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The Amazon Rainforest has an Unconventional Watcher



/ 1 year ago

amazon drone

It’s not hard at all to name a few things that drones excel at, from capturing stunning aerial photos to helping out in search and rescue missions or surveillance operations. Even more impressive is the fact that a drone is currently being used to prevent illegal logging in the Amazon rainforest. The drone in question is controlled by the Amazon Basin Conservation Association in Peru, and it is scanning huge sections of the rain forest in order to pinpoint illegal logging and gold mining operations.

The entire reserve occupies 550 square miles of space, so as you can probably imagine, this is no easy task. The drone that gets the job done is a custom-designed foam “flying wing” that was created by Max Messinger, a Wake Forest University grad student. This thing costs $5,000 and measures three feet in width. It flaunts a range greater than a quadcopter thanks to its airplane-like design, and it is equipped with an autopilot system and a Canon camera. Potential illegal logging areas and gold mining operations are identified by the team via satellite images, and then the drone is sent out to confirm and spot even the smallest tracts where poachers conduct their activities. According to Messinger, the team has already been successful in identifying a few illegal mines.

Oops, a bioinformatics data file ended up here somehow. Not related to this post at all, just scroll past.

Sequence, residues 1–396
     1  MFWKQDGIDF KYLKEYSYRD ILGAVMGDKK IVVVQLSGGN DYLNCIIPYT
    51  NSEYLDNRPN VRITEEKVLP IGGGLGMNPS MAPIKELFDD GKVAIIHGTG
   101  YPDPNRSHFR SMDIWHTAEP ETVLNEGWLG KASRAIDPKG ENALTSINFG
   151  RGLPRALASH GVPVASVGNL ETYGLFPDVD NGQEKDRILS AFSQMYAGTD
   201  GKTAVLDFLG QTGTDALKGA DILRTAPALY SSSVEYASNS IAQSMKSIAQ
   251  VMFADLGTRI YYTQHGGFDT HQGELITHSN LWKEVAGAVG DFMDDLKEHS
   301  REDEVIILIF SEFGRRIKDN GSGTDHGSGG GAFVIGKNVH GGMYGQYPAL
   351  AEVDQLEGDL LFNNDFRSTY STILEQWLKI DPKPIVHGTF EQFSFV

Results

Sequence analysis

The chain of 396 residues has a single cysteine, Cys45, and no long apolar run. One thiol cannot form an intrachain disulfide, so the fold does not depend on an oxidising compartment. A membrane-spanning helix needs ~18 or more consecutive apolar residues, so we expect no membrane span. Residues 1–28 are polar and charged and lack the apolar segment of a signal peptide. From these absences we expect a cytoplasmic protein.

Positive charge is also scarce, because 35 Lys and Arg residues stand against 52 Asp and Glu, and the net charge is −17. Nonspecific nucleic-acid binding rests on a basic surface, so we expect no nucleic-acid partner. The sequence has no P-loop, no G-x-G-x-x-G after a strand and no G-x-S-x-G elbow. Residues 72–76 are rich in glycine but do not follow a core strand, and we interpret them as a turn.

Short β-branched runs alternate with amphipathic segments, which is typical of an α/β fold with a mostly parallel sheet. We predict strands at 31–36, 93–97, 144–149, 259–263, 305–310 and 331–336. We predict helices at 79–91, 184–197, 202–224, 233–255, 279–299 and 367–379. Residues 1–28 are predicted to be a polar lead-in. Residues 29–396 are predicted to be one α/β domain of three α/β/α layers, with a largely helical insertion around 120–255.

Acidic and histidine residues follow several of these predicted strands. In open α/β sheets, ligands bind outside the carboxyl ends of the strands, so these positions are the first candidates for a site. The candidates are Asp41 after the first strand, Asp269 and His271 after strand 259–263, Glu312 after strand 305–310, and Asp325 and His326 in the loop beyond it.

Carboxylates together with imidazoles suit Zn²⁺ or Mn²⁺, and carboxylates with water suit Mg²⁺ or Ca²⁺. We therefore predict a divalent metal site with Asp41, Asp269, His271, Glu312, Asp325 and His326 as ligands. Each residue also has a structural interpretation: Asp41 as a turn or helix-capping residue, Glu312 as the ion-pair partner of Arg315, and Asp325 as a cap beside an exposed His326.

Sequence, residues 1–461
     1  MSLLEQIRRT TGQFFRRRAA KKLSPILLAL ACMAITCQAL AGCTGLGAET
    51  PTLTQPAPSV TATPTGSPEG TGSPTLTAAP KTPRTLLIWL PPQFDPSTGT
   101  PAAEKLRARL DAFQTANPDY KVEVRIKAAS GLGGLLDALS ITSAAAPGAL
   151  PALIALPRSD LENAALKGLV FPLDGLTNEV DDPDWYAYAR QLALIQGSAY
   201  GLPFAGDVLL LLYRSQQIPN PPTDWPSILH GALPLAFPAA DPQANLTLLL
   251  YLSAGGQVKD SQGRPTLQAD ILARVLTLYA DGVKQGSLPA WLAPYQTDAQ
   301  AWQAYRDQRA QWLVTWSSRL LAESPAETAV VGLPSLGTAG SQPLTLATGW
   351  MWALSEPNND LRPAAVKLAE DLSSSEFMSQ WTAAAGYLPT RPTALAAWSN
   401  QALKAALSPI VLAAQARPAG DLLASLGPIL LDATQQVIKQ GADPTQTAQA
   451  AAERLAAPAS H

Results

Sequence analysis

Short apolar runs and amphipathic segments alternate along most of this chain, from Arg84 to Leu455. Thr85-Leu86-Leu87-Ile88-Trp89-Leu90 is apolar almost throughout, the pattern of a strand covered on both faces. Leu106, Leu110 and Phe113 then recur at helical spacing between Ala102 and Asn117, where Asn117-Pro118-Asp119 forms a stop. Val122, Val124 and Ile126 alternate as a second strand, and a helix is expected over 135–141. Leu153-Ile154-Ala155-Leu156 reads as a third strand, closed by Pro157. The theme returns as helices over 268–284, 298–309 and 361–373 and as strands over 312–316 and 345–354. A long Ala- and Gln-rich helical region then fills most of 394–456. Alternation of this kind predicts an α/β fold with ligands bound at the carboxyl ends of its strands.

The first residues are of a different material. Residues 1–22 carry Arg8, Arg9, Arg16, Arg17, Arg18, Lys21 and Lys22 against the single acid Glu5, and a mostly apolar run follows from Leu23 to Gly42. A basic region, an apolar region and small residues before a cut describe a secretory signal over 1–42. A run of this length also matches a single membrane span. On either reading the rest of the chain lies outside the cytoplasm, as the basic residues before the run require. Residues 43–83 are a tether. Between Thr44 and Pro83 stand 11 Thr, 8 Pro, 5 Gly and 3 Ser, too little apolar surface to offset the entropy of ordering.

I think the Amazon Basin Conservation Association should buy quite a few more of these incredible flyers, especially since this one has already proven its usefulness.

Thank you Engadget for providing us with this information.


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